Mark 1 July 2008 in your diary in big bold letters…NOW. Because, from that date, your cost of paying the 9% compulsory superannuation under the super guarantee regime could increase. By TERRY HAYES
Mark 1 July 2008 in your diary in big bold letters…NOW. Because, from that date, the cost of paying the 9% compulsory superannuation under the super guarantee regime for employees could increase. No, the 9% rate is not rising, but rather the basis on which it is paid is about to change.
Currently, an employer must pay 9% of salary and wages in compulsory superannuation for employees. That is, 9% of “ordinary time earnings” (OTE).
This term is specifically defined in the superannuation legislation, the Superannuation Guarantee (Administration) Act 1992. However, some awards may contain their own definitions of OTE that may differ from the definition in the superannuation law. And that’s where 1 July becomes important.
After that date, ordinary time earnings as defined in the Superannuation Guarantee (Administration) Act 1992 must be used to calculate super contributions for employees. And this may vary from the award. If it does, the amount employers have to pay will change.
The Tax Office has urged employers to make sure they have the correct systems in place, to handle this change in requirements and to plan for any additional costs.
Let’s look at this a little more closely.
Ordinary time earnings
Ordinary time earnings is generally defined as what an employee earns for ordinary hours of work including over-award payments, shift loading or commissions.
It excludes such things as overtime and there are some other exceptions that employers should be aware of. For example, payments specifically excluded from salary or wages such as reimbursement of expenses, benefits subject to FBT, workers’ compensation payments, and payments for domestic or private work under 30 hours per week.
Most employees have OTE as their earnings base, but some have other earnings bases that may be contained in:
- an industrial award;
- an existing agreement they have with their employer;
- a fund’s trust deed; or
- a Commonwealth, State or Territory law.
Click to next page for an employer checklist.
Earnings base standardised to OTE
Currently, an employer who was contributing to a superannuation fund for the benefit of an employee or employees in accordance with an earnings base established before 21 August 1991 can continue to use that notional earnings base until 30 June 2008.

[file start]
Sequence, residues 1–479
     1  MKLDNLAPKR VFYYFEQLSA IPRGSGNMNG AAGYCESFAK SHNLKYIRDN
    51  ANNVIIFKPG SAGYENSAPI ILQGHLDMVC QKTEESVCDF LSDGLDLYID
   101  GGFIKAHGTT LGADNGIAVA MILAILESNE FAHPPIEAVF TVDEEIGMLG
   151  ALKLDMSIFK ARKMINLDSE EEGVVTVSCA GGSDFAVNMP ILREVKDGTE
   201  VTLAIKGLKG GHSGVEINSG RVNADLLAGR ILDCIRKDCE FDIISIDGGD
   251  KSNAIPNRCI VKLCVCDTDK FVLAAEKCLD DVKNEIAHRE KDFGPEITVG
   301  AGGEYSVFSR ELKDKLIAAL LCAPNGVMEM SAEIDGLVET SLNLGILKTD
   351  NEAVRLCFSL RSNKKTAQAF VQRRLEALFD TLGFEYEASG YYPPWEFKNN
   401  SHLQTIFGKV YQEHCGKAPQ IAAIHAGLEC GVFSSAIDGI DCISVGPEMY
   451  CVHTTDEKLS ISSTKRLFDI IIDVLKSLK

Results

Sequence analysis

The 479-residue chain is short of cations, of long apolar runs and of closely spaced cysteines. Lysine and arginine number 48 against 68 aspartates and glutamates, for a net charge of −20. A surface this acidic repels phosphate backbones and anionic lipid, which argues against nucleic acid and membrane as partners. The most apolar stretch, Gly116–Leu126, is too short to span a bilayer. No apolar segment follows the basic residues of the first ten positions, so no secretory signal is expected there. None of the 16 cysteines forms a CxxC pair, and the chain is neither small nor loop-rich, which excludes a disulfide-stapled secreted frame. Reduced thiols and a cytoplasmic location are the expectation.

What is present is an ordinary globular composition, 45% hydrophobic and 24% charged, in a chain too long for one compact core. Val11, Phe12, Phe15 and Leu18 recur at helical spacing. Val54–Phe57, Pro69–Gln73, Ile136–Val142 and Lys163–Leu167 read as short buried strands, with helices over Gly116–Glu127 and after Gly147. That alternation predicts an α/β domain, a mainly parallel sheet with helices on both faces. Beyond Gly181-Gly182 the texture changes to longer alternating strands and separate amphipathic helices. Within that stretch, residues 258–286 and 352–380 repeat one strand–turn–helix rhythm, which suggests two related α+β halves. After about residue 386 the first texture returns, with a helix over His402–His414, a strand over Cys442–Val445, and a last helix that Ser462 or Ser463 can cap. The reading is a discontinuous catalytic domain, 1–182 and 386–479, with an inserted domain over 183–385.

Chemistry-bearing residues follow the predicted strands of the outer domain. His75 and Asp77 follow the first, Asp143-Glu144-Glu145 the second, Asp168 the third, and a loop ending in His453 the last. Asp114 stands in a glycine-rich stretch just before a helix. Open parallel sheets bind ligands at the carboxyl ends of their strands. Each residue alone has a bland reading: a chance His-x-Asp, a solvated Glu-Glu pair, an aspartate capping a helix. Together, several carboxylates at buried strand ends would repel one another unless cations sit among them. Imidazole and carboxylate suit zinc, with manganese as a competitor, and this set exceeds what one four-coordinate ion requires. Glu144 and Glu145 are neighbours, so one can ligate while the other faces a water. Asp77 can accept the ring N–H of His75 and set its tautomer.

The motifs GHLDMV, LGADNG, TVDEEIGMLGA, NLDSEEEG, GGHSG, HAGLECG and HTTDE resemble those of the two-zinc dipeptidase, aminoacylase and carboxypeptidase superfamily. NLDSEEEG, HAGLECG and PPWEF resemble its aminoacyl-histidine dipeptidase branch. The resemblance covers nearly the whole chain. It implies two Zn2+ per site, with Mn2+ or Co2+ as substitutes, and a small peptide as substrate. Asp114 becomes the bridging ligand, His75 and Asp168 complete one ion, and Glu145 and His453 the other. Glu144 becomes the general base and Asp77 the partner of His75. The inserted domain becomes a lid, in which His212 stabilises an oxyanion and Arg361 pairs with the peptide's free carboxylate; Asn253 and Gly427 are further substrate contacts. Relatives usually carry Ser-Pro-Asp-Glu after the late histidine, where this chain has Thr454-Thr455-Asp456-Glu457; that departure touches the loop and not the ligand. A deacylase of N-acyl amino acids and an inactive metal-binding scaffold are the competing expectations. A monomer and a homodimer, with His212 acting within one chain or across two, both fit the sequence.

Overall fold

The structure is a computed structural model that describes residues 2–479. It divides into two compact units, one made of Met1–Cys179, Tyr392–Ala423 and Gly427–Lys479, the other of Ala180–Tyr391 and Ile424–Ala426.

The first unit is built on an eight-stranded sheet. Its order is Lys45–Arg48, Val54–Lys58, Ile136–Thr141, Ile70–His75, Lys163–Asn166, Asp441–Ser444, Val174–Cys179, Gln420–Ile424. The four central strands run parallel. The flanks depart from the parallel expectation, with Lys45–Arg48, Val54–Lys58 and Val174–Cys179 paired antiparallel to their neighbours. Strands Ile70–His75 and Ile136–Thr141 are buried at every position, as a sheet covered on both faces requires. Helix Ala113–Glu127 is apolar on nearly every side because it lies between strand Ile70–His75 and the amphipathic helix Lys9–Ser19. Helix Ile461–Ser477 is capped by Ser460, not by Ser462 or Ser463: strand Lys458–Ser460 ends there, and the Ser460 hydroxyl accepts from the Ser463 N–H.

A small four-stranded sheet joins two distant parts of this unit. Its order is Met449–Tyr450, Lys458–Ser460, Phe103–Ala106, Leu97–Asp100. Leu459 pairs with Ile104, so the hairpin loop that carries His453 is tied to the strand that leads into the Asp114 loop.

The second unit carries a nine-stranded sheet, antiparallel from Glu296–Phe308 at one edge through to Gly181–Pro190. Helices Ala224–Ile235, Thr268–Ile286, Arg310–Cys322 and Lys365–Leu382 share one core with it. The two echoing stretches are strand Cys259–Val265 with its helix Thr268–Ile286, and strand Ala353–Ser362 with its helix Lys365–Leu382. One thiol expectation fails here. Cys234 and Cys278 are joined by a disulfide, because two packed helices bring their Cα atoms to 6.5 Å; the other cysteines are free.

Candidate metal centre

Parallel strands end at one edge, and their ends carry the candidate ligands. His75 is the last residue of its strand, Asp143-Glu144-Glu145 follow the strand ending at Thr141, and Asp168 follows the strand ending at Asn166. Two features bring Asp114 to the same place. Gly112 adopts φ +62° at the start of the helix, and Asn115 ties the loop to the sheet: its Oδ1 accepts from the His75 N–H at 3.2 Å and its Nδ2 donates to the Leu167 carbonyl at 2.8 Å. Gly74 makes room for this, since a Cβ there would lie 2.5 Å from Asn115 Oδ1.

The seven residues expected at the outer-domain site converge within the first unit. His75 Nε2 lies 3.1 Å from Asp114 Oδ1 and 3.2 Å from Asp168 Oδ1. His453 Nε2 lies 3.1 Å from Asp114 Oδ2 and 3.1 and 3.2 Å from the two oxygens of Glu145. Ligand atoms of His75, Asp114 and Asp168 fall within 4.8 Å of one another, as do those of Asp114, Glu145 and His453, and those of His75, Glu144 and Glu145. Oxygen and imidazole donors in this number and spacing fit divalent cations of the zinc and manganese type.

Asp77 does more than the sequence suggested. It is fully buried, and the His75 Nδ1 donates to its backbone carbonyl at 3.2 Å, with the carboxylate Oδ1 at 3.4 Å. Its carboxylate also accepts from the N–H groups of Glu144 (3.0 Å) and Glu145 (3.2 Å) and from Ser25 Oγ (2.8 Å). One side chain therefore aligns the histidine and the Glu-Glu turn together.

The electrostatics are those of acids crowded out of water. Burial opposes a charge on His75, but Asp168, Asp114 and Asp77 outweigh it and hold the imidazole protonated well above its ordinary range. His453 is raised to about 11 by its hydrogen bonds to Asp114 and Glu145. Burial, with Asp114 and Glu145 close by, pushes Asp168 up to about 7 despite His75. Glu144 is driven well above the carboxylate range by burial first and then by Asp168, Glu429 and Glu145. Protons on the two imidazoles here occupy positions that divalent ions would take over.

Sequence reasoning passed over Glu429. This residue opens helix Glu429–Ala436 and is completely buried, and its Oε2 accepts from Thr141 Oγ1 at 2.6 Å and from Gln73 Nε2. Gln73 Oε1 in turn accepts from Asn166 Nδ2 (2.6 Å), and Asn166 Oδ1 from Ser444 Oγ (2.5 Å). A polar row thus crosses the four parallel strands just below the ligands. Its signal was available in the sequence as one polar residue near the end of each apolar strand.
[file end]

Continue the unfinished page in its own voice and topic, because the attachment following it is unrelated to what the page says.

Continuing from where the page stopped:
This means an employee may currently be paid lower super contributions (as a proportion of total remuneration) when compared with another employee in similar circumstances.
However, from 1 July 2008, the earnings base is standardised to OTE for all employees under the Superannuation Guarantee (Administration) Act 1992. As a result, all employers are required to use a notional earnings base which is at least equivalent to OTE.
If the current super guarantee amount paid by an employer is less than the minimum 9%, the Tax Office says employers should increase this amount to meet the minimum to avoid paying the super guarantee charge (SGC) penalty.
The Tax Office suggests that the following checklist may help employers prepare for the 1 July 2008 changes:
- review the earnings base for all employees to ensure their super contributions are being calculated based on ordinary time earnings;
- review the checklist on the Tax Office website (see below) to identify what is included and excluded from ordinary time earnings. This checklist should also be used to update any software or payroll systems as the Tax Office will not be issuing electronic media specifications for ordinary time earnings;
- if an SME pays employees bonuses, the bonuses should be included when calculating the 9% super guarantee (but some exceptions apply eg Christmas bonuses);
- if an SME pays employees allowances, the allowances should be included when calculating the super guarantee (although there are exceptions for reimbursements or fully expended allowances);
- if paying employees commissions, the commissions should be included when calculating the super guarantee;
- allow for the cost impact on the business if required to increase super contributions for employees – there is time for this to be done, so it’s important to work out now if this will be necessary;
- ensure systems are in place and updated to handle a change in super contributions; and
- devise and implement a strategy to inform employees of possible changes to their super contributions.
Some useful information on OTE and the super guarantee is available in the Tax Office publication Using ordinary time earnings to calculate the super guarantee. It is equally important for SMEs to contact their accountant or adviser to make sure they correctly cover their compulsory super payments after 1 July 2008. Alternatively, SMEs can contact Tax Office itself on 13 10 20.
Default fund insurance requirements
Another thing for SMEs to keep in mind is that, from 1 July 2008, all employer nominated super funds (also known as default funds) must offer minimum levels of life insurance death cover to members.
However, the Tax Office notes that there are some instances where default funds do not need to meet the life insurance requirements (eg for Retirement Savings Accounts and contributions being made under a Federal award).
Take action now
Getting super right is critical for SMEs and the 1 July 2008 changes are likely to catch many unaware. Look at this issue NOW. If it doesn’t affect you – fine. Just don’t leave it too late to take action.